The Brookings Institution released a report that undermines the belief that the Common Core will better prepare students for STEM. If that is the case and these standards are so great why are states with standards that are the most dissimilar to the Common Core have better assessment scores?
The progress report proceeds along two lines of inquiry. First, a ranking system crafted by researchers at Michigan State University is employed to evaluate progress on NAEP from 2009–2013. The MSU experts found that states with math standards that were similar to the Common Core in 2009 scored higher on the eighth grade NAEP that year compared to states with standards dislike the Common Core. The current study examines data from the NAEP tests conducted in 2011 and 2013 and asks whether the same finding holds for subsequent changes in NAEP scores. Have the states with CCSS-like standards made greater gains on the eighth grade NAEP since 2009? It turns out they have not.
The second line of inquiry utilizes a rubric that categorizes each state on the strength of its implementation of CCSS. NAEP gains were again compared. Here the news was more encouraging for the Common Core. States with stronger implementation of the CCSS have made larger NAEP gains. The downside to this optimistic finding is the difference is quite small. If Common Core is eventually going to fulfill the soaring expectations of its supporters, much greater progress must become evident.
The authors later write:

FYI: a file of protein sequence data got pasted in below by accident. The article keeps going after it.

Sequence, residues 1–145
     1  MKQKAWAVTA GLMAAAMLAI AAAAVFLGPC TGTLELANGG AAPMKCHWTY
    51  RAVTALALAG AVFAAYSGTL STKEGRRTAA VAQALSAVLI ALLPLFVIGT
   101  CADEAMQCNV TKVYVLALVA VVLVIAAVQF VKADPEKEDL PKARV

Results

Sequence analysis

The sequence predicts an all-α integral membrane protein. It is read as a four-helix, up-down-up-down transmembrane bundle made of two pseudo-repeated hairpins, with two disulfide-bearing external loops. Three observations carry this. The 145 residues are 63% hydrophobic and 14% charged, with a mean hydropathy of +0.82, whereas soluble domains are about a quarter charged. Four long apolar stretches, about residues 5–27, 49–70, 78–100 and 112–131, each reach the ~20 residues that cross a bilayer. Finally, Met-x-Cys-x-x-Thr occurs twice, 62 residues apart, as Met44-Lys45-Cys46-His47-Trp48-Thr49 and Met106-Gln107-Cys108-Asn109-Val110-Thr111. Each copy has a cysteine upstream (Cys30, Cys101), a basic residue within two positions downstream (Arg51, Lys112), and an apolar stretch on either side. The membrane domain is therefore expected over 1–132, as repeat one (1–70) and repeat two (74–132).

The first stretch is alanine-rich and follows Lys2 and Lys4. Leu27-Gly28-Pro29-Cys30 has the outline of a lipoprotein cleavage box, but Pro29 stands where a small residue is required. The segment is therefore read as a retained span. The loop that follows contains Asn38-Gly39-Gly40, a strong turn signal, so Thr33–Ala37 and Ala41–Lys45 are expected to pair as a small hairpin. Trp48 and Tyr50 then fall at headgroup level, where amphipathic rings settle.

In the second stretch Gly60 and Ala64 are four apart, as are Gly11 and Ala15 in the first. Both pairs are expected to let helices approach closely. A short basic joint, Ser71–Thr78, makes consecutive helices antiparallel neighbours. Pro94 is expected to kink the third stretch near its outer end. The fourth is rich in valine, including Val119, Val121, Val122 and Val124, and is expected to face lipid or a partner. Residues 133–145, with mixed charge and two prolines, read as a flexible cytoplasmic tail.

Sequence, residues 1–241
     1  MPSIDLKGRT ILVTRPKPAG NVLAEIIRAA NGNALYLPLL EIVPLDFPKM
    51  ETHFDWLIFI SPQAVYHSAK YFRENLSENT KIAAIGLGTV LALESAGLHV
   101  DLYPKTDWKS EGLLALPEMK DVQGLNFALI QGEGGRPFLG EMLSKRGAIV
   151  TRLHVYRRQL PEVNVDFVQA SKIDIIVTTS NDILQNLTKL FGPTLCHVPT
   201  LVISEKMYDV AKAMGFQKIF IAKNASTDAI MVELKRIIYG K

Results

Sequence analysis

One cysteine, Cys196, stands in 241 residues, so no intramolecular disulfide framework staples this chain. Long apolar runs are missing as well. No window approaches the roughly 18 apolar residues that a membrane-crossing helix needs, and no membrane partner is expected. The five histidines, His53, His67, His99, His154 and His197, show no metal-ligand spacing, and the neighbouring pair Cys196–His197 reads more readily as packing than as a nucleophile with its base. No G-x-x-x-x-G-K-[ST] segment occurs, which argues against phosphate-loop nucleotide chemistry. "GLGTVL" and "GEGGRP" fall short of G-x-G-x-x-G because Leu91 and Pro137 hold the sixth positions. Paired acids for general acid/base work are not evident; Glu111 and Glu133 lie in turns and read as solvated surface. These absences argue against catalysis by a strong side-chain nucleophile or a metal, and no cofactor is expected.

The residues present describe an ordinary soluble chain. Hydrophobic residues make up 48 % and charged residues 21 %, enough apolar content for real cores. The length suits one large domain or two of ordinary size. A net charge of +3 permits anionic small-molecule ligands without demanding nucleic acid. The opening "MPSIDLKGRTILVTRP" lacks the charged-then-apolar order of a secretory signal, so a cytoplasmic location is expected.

Supporters of Common Core argue that strong, effective standards will sweep away such skepticism by producing lasting, significant gains in student learning. So far at least–and it is admittedly the early innings of a long ball game–there are no signs of such an impressive accomplishment.
The Daily Caller interviews Neal McClusky of the Cato Institute and Joy Pullman of the Heartland Institute:
Neal McCluskey, associate director of the Center for Educational Freedom at the Cato Institute, noted that Brookings isn’t typically known for publishing arch conservative opinions.
“This study, from the hardly Tea Party aligned Brookings Institution, is another nail in the coffin of the over-hyped promises of many Core advocates,” he told The Daily Caller.
The study provides useful evidence than Common Core in theory and Common Core in practice are two very different things, said McCluskey.
“It’s increasingly clear that even if the Core is a significant uptick in rigor over previous standards in many states–a contested ‘if’–translating that into improved academic performance is very difficult,” he said.
Joy Pullman, a research fellow at The Heartland Institute and managing editor of School Reform News, said that the Brookings study might not be quite so damning, but only because its research was based on a wildly flawed pro-Common Core study.
“The authors [of the original study] basically played with their data to push their conclusion that Common-Core lookalike states had higher performance,” she told TheDC. “So this new study bases its analysis on the old study’s rating scale, which itself is flawed.”
In either case, there’s little solid data to suggest that Common Core-aligned states perform better on math. Pullman pointed to a portion of the Brookings analysis that predicted Common Core would make no difference in students’ math performances for a least a quarter century.
“What a horrific condemnation of the piles of mandates, taxpayer money, teacher time, and disruption to students Common Core has caused,” she said. “All that — so far for nothing, and with no signs of any positive return in sight.”